Thursday, May 29, 2014

Beyond Standard Therapies in Metastatic Colorectal Cancer

After all standard therapies for treating metastatic colorectal cancer are exhausted, there are no interventions to improve the quality or length of life of the patient. However, patients with cancer that progresses despite therapy are possible candidates for further intervention. One therapy that can be used is multikinase inhibitors. They block intracellular and cell surface kinases, some of which are involved in tumor growth and the metastatic progression of cancer. These multikinase inhibitor drugs can reduce cell replication and tumor growth and are used to treat cancer in advanced stages. For metastatic colorectal cancer, a phase 3 trial was done internationally for the multikinase inhibitor Regorafenib.

The authors of the study were conducting the trail in 16 countries and 114 centers. Having large groups of patients is necessary for a phase 3 trial, whose main functions are to assess the drugs effectiveness, side effects, compare it to commonly used treatments, and gain information that will allow the drug to be used safely. The funding was completely done by Bayer, in hopes of getting the drug on the market. 

Overall, 760 people over the age of 18 were randomized in the trial, with 505 getting regorafenib treatment (5 of which actually did not) and 255 getting placebo (2 of which did not). The patients chosen must have had cancers that progressed over 3 months while not receiving any form of therapy. The trial was also double blind; the randomization and statistics were kept hidden from the patients and investigators (and the sponsor) throughout the trial. The trial profile further illustrates the selection, randomization, and analysis of the patients.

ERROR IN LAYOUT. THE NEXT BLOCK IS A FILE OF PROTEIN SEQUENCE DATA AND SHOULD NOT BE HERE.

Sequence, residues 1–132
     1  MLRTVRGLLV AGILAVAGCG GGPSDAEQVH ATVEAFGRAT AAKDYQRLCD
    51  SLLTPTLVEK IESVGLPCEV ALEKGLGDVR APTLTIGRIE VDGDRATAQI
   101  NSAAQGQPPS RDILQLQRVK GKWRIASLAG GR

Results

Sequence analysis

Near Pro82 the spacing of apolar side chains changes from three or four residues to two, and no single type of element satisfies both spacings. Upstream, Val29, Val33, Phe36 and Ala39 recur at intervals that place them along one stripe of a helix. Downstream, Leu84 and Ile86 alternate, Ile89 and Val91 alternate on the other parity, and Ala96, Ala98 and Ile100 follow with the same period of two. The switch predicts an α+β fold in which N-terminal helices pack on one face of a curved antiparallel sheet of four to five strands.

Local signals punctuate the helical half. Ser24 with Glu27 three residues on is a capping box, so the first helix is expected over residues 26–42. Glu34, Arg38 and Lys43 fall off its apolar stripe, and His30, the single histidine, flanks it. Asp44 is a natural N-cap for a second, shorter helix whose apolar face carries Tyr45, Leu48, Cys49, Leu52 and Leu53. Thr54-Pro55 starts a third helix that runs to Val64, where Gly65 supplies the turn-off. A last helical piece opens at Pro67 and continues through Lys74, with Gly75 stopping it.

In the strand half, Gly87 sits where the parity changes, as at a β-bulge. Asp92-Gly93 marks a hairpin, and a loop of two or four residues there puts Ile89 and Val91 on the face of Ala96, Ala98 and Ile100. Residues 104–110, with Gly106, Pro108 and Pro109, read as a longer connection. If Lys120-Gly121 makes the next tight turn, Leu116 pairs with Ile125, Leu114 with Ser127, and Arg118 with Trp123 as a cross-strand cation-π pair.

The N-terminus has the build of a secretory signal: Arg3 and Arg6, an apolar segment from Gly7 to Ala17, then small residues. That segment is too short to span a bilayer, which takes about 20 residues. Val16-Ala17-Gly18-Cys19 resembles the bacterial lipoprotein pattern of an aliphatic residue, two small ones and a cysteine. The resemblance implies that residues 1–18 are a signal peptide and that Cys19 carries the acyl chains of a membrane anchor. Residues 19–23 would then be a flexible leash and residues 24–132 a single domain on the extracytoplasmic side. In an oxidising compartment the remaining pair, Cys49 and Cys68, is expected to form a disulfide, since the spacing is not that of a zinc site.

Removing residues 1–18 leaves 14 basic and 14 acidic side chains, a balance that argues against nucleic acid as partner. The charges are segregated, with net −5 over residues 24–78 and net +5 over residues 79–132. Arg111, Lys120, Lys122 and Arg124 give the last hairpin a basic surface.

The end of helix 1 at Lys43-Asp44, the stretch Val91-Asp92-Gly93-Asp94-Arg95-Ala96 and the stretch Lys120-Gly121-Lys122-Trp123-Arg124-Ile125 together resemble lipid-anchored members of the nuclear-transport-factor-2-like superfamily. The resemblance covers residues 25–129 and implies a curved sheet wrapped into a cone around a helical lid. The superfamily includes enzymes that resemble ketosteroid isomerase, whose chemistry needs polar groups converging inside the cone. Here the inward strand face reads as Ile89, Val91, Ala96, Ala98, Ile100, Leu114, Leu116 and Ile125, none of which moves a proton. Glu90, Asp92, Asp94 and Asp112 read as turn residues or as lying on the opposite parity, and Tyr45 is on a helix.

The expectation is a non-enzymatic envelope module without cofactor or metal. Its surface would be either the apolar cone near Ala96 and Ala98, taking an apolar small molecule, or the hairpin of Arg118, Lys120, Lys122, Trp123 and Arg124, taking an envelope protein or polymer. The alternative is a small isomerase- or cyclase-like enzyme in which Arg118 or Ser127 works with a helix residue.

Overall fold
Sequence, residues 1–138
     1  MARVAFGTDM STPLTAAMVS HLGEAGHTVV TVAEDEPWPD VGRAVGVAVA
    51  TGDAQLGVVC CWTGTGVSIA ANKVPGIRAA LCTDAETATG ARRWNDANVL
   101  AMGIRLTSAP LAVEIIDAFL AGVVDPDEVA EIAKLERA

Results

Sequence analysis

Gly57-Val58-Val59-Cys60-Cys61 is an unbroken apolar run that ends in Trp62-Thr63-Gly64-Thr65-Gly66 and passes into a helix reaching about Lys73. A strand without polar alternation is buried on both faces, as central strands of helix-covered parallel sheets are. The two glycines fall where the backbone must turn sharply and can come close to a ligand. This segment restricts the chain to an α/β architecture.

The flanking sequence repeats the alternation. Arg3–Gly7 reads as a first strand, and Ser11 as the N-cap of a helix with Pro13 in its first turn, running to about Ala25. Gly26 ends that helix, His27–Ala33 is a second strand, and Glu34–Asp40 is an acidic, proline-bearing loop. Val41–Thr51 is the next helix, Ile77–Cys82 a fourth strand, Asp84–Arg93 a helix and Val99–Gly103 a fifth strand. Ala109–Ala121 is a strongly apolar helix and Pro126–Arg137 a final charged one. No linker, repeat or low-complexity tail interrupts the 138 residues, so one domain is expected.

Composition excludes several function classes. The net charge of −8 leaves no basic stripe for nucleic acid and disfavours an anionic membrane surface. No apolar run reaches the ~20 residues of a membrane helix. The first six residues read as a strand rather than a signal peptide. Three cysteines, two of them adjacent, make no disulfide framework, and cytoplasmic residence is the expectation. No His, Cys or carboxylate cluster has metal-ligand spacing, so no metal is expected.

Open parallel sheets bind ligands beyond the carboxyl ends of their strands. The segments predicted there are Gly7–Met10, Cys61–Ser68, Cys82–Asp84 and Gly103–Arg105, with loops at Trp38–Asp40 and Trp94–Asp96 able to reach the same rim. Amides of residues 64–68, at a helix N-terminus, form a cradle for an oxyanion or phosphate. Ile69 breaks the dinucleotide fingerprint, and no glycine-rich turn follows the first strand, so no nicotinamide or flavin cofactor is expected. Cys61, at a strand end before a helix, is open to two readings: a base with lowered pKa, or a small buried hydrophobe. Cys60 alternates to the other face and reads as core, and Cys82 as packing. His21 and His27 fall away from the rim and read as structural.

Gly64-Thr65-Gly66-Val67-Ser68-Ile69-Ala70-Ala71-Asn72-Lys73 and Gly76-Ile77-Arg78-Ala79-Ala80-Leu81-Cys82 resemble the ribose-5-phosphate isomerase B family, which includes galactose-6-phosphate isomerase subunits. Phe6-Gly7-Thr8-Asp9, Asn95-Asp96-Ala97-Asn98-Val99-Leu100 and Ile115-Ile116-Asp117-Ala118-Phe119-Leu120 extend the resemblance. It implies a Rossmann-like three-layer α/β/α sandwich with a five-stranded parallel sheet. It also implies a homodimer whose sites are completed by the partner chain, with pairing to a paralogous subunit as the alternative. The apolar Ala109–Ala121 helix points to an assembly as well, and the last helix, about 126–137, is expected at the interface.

All patients received as equal supportive care as possible while retaining efficacy. Additionally, each patient was given 160 milligrams of Regorafenib or matching placebo orally once a day over 3 weeks (of a 4 week cycle). After every 2 weeks the patients were assessed to determine if they should continue treatment. While no crossing over of treatment occurred, some patients did require a reduction in drug dosage due to treatment related toxic effects. Nevertheless the majority of baseline characteristics were the same in the Regorafenib and placebo groups, including the interventions given to the patients previously before the trial. In fact, all patients in the study had received Bevacizumab (a anti-VEGF therapy) sometime after their initial diagnosis of colorectal cancer. Thus the idea of different responses in patients because of different previous therapies can be ruled out.

The mean duration of treatment was 2.8 months for the group receiving Regorafenib and 1.8 months for the group taking placebo. After 432 deaths the primary analysis was obtained. The primary analysis was overall survival, defined as the time (in days) from the point of randomization to the time of death of any cause. The median overall survival for patients in the regorafenib group was 6.4 months, whereas the median survival for the placebo group was 5.0 months.